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Former Minister for the Environment; Science
WA invests $5million in Australian Synchrotron Project
30/12/2005 12:00 AM
The State Government has committed $3.75million in a joint Western Australian assistance package to the Australian Synchrotron Project.
Science Minister Judy Edwards today said the University of WA and Curtin University had invested $1.25million toward the project, for a total State funding package of $5million.
A synchrotron is a large machine (about the size of a football field) which accelerates electrons almost to the speed of light. As the electrons are deflected through magnetic fields, they create extremely bright light that is channelled down beam lines to experimental workstations, where it is used for research.
Synchrotron light is used in advanced research and development in areas such as:
medical research in microbiology and disease mechanisms;
high resolution imaging and cancer radiation therapy;
environmental sciences for toxicology, atmospheric research, clean combustion and cleaner industrial production technologies;
plant genomics, soil studies, animal and plant imaging;
minerals exploration for rapid analysis of drill core samples;
advanced materials like nanostructure materials, intelligent polymers, ceramics, light metals and electronic materials;
high resolution imaging of cracks and defects in structures and the operation of catalysts in large chemical engineering processes; and
forensics for the identification of suspects from extremely small and dilute samples.
Dr Edwards said the Synchrotron project, currently being built in Victoria, would put Australia at the cutting edge of science technology.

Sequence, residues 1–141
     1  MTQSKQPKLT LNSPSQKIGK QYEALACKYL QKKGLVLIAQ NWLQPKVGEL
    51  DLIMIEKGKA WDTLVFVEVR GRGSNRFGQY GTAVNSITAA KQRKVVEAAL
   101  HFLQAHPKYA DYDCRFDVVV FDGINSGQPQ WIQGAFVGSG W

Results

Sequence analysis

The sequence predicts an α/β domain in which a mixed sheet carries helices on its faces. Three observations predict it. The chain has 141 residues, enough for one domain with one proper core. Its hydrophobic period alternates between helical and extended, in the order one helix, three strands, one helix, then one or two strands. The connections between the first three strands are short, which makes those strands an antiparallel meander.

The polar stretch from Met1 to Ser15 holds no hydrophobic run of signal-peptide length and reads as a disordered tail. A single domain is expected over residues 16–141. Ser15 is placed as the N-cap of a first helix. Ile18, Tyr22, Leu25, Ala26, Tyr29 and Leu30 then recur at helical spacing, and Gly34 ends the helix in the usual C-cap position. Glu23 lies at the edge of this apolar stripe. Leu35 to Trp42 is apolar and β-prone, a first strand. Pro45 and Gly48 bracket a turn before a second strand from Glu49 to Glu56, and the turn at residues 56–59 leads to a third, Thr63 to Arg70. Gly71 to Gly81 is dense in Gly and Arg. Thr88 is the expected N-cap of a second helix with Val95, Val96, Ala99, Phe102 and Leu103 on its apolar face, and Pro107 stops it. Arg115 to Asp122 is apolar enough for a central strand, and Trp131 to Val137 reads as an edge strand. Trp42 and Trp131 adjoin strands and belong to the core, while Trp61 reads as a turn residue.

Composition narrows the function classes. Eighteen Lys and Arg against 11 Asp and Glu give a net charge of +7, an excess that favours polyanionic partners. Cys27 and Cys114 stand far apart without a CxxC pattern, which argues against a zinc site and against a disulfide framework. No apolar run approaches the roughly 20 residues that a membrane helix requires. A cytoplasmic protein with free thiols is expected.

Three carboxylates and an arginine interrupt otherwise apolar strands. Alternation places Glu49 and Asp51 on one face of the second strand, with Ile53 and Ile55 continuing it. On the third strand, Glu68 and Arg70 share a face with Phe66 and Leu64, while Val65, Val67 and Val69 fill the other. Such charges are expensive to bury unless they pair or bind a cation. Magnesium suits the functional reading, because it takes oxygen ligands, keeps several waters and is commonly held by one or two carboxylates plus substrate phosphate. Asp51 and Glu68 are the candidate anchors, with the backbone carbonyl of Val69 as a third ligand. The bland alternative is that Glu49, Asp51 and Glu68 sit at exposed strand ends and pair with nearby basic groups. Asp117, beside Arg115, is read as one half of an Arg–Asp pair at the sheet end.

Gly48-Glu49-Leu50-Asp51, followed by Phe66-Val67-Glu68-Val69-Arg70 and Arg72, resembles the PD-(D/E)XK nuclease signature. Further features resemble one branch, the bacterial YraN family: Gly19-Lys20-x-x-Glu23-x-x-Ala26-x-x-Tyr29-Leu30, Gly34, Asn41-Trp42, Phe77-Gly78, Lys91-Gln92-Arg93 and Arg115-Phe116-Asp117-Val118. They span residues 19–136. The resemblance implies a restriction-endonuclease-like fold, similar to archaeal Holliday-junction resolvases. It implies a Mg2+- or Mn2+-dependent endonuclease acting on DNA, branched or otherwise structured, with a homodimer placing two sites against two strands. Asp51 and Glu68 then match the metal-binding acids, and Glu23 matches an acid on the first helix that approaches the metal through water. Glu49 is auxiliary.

“Our researchers currently have to travel overseas to use this advanced technology and that creates problems with cost, time and transporting biological samples across international borders,” she said.
“Investing in an Australian facility will allow researchers access and give Western Australians a seat on the Council of Members for the Australian Synchrotron Company, allowing us a say in the future development of the facility to meet the needs of WA and national researchers.”
The Minister said it was important for WA researchers to have access to the unique properties of Synchrotron, which included:
extremely intense light, hundreds of thousands of times more intense than that from conventional x-ray tubes;
a wide range of energies from infra-red light to hard, energetic (short wavelength) x-rays;
the possibility of obtaining an intense beam of any selected wavelength;
the synchrotron emitted highly polarised radiation, which could be linear, circular or elliptical; and
pulses emitted were typically less than a nano-second (one billionth of a second).
Dr Edwards said she had written to Victorian Minister for Innovation John Brumby advising him of the State’s contribution to the project, which would provide more jobs and opportunities in WA.
The synchrotron is due for completion in 2007.
Minister's Office - 9220 5050